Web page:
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Airstar Balloon Light


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#1 Martin Hong

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Posted 09 January 2012 - 01:24 PM

Recently i just found out about this cool lighting gear by Airstar.. they have balloon, fly mattress light that are amazing to be in the place where no other light can be..

Posted Image

But a question came to my mind.. how'd they fit the light in a flying balloon? Can't find tech spec on their website: http://www.airstar-l...cinema-tv-photo

So i presume that the balloons are using helium, but how'd they manage to fit the light inside that's powerful enough.. with the heat problem? Helium is stable with heat going around?

Just curious about how they work... anybody care to explain? thanks!

Edited by Martin Hong, 09 January 2012 - 01:25 PM.

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#2 Martin Hong

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Posted 09 January 2012 - 01:27 PM

Flying mattress in action...

Does a very great job and eliminating the rigging problem.. Although not windy day friendly

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#3 Stuart Brereton

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Posted 09 January 2012 - 02:05 PM

They don't put an actual lamp inside the balloon, just the globe, and whatever fitting it requires. They are often fitted with a mix of tungsten and HMI globes. Helium is an inert gas, so no problems with the heat. Obviously you don't switch the globes on until the balloon is inflated or you'd burn the fabric.
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#4 Chris Millar

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Posted 09 January 2012 - 02:39 PM

Does a very great job and eliminating the rigging problem..


Hmmmm, you're just rigging in reverse

I suppose its nice in that you can 'counterweight' the lamps weight and have a near neutral object - but you still have to lock it off in three dimensions which might involve some rigging fun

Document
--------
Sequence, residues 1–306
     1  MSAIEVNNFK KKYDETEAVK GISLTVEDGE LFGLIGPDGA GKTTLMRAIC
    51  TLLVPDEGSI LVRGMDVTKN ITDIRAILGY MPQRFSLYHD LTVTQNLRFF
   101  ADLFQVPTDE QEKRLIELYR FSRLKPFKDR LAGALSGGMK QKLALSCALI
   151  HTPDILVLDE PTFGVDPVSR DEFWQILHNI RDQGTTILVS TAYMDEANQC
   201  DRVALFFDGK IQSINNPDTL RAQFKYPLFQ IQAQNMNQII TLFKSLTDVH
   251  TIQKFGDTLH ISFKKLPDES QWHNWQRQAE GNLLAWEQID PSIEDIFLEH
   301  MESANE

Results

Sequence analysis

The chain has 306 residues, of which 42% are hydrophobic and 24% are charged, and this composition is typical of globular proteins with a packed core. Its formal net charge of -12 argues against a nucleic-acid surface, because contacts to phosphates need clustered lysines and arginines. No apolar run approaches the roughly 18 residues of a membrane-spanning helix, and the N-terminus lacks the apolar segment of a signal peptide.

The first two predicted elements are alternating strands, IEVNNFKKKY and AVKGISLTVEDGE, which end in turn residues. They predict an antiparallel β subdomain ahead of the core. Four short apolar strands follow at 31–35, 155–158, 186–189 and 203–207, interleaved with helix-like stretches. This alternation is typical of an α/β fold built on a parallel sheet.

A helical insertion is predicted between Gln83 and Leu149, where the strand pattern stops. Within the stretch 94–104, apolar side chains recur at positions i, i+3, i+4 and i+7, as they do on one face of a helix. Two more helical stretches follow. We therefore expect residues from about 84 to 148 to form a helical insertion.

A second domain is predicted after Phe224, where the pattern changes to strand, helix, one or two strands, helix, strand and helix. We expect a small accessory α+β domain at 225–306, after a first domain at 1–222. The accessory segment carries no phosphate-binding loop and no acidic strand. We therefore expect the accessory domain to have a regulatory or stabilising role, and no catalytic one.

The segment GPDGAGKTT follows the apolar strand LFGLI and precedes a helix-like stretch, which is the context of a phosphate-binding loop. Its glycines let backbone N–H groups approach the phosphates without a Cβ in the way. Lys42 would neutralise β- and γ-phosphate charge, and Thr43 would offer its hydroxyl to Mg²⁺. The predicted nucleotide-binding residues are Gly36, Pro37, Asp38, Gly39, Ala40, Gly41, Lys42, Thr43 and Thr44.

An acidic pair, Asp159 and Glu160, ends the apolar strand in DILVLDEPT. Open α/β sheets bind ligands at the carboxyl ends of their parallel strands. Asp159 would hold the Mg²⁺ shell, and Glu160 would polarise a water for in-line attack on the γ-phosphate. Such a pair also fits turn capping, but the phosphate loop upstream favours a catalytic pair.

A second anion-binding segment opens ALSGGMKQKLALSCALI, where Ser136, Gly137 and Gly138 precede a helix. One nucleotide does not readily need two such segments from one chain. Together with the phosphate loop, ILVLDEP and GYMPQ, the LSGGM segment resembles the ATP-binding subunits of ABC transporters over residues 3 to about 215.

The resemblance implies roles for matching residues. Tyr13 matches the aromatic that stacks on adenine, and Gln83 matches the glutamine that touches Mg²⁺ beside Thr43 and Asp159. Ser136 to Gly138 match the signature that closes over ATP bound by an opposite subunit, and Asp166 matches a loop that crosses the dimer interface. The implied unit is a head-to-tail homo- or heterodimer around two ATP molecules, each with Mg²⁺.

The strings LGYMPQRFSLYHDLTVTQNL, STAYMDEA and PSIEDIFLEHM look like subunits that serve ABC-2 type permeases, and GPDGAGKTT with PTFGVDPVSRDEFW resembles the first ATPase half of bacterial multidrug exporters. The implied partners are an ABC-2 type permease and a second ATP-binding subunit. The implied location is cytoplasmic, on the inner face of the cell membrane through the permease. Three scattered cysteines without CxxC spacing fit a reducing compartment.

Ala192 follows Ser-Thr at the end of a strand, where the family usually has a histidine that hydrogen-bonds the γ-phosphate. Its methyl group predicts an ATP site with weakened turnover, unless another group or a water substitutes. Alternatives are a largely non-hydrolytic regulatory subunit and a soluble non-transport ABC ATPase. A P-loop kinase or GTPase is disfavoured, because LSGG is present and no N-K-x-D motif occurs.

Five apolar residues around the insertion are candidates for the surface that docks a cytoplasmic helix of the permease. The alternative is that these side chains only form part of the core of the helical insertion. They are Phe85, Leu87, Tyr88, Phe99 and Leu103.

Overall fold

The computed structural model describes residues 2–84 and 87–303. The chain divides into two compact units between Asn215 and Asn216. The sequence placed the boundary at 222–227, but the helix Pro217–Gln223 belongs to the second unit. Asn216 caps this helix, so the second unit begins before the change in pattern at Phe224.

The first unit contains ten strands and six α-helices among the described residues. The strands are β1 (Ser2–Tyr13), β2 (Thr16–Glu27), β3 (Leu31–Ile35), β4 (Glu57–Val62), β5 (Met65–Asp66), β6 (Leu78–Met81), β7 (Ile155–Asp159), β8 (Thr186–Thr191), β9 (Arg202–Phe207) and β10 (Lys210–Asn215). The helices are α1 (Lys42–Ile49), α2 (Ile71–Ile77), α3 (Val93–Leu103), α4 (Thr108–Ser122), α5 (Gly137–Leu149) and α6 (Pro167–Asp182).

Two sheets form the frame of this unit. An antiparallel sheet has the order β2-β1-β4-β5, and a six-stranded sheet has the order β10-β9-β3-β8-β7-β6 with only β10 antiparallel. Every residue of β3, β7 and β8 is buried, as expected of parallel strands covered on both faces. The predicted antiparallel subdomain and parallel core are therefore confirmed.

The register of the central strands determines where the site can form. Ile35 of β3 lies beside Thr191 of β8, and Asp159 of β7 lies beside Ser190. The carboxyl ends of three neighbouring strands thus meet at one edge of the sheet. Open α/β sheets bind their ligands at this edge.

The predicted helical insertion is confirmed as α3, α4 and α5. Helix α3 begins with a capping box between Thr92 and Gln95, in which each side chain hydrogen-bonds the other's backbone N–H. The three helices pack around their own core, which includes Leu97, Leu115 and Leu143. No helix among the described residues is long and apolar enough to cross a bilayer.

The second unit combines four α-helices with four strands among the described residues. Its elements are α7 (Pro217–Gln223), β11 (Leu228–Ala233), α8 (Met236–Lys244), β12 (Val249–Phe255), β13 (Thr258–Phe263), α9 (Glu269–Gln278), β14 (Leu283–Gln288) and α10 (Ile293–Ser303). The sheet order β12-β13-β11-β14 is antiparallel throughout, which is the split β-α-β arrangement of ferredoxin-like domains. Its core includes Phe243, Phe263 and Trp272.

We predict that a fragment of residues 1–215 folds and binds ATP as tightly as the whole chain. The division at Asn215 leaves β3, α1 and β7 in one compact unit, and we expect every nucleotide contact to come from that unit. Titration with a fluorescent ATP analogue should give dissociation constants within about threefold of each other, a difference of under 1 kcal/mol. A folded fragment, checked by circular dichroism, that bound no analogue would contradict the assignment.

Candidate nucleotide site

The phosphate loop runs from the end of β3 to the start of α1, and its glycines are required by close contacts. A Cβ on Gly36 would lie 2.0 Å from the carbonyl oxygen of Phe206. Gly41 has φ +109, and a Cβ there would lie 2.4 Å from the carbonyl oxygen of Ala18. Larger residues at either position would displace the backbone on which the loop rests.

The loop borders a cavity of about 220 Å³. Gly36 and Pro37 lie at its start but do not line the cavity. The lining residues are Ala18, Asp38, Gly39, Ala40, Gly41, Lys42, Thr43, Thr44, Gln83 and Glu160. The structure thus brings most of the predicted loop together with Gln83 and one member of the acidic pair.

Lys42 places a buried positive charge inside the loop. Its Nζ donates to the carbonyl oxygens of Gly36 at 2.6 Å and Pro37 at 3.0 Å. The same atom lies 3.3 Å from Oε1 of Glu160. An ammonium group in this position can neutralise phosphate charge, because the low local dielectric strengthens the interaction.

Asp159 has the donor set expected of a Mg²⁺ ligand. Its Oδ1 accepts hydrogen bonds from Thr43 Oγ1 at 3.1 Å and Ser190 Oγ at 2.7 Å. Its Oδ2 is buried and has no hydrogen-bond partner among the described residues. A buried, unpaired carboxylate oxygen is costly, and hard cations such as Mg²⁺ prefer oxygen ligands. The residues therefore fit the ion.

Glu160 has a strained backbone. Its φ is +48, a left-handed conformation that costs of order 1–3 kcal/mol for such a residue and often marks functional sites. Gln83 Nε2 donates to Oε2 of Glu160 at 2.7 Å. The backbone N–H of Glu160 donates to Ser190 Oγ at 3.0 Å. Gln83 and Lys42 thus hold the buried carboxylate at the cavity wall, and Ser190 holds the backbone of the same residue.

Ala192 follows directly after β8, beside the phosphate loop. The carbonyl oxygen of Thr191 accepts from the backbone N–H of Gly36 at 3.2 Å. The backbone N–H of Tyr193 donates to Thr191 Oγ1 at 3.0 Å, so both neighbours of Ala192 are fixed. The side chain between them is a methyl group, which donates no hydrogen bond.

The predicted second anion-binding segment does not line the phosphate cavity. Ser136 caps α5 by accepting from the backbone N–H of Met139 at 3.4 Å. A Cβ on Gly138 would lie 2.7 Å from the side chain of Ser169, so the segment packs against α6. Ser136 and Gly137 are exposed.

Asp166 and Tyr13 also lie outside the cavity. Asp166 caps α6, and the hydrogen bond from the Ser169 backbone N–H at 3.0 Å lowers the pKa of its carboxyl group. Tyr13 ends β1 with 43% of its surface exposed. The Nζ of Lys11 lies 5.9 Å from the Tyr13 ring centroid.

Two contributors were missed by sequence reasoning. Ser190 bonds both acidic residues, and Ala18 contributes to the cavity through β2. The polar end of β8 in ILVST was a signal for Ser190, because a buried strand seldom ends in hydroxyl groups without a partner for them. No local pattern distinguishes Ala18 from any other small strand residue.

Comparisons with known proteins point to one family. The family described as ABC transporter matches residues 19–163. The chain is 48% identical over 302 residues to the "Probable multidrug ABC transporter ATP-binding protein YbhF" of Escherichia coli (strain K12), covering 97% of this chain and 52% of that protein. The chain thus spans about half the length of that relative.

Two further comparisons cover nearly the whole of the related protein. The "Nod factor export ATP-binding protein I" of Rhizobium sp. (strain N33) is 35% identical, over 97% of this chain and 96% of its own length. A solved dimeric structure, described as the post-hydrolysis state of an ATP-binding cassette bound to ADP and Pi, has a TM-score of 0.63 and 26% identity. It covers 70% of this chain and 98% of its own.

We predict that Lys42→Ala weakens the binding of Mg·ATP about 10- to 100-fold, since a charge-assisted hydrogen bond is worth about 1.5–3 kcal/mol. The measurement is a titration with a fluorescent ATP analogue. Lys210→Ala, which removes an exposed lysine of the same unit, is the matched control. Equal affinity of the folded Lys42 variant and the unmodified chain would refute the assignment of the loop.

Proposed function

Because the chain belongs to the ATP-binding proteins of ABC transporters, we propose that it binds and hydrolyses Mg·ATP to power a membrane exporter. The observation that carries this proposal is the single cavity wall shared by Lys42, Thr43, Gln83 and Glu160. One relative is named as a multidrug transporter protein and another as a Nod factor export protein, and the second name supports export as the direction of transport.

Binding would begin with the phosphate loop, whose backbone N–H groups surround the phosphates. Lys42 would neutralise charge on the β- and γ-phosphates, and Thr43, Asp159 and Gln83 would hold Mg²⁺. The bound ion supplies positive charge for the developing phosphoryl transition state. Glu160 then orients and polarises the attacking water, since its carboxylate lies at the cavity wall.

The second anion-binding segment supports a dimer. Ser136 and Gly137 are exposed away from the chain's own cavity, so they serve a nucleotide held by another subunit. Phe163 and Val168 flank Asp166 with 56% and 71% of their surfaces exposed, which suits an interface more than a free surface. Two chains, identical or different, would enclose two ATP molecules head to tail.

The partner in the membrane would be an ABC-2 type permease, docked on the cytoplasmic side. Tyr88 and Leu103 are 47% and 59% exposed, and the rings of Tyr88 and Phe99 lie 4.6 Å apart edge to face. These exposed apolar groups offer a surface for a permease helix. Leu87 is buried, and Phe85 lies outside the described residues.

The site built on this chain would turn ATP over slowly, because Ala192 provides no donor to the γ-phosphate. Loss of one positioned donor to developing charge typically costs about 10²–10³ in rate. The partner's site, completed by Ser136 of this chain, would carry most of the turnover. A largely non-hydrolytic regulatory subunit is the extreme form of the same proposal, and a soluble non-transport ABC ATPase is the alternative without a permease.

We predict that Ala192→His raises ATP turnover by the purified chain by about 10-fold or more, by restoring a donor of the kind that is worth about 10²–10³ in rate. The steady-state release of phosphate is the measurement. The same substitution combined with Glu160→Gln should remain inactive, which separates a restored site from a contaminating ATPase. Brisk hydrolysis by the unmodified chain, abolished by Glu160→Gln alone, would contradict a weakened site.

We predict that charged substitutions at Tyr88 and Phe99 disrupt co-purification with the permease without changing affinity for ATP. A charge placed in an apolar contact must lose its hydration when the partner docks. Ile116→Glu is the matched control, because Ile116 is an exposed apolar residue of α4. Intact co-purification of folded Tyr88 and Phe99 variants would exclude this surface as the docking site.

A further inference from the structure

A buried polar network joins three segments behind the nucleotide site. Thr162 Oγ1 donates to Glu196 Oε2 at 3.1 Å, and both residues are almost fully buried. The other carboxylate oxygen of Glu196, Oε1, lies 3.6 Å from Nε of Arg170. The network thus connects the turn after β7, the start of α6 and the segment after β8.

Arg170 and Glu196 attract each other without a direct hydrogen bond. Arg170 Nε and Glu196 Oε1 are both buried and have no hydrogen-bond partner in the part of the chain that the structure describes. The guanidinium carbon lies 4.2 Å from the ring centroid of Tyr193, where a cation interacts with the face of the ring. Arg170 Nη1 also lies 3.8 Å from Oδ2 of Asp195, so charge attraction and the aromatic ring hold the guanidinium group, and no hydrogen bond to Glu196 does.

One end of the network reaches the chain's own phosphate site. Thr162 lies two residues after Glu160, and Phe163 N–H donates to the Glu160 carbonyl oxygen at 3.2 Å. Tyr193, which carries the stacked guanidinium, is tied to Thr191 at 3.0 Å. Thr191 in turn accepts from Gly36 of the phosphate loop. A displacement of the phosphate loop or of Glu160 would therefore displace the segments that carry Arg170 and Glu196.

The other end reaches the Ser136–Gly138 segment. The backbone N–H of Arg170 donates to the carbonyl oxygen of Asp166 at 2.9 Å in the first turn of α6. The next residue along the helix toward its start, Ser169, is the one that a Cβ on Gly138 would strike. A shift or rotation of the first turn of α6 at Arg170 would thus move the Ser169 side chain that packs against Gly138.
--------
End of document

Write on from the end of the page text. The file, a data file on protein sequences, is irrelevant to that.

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#5 Martin Hong

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Posted 09 January 2012 - 07:25 PM

They don't put an actual lamp inside the balloon, just the globe, and whatever fitting it requires. They are often fitted with a mix of tungsten and HMI globes. Helium is an inert gas, so no problems with the heat. Obviously you don't switch the globes on until the balloon is inflated or you'd burn the fabric.


I knew that they don't put the entire lamp inside.. but curious how its wired and mounted inside.. We are talking about HMI and tungsten, those are tricky to handle, just as you said, i presume that the fabric isn't that heat resistant.


Hmmmm, you're just rigging in reverse

I suppose its nice in that you can 'counterweight' the lamps weight and have a near neutral object - but you still have to lock it off in three dimensions which might involve some rigging fun


Chris, what i meant was something like this

Posted Image

For a overhead light it becomes easier since you dont need heavy duty rigs or cranes..
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#6 Chris Millar

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Posted 09 January 2012 - 09:04 PM

Sure, but imagine those in the wind though...
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#7 Martin Hong

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Posted 10 January 2012 - 02:18 AM

Sure, but imagine those in the wind though...


lol yeah, that's why i said its not wind friendly



I still can't find any details from the inside construction.. Since i would like to experiment with something
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#8 Nathan Porter

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Posted 11 January 2012 - 05:47 PM

I've just been around these on a shoot, and from what I can gather with a few chats with the balloon op, inside the balloon is just a bubble in a holder with a (very sensitive) safety circuit which senses the inflation of the balloon. If it's under inflated, the thing won't turn on, or it'll cut out if there is a leak. We used the tungsten versions, which had external boxes housing switches and fuses. They would've been great if it wasn't for the wind.
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#9 Nathan Porter

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Posted 11 January 2012 - 06:02 PM

Sure, but imagine those in the wind though...


If they really had to be used in windy situations, I've heard about them being inflated in scaffold cages and sent up on a cherry picker.
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#10 Chris Millar

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Posted 11 January 2012 - 06:10 PM

If they really had to be used in windy situations, I've heard about them being inflated in scaffold cages and sent up on a cherry picker.


Sounds like the perfect solution.
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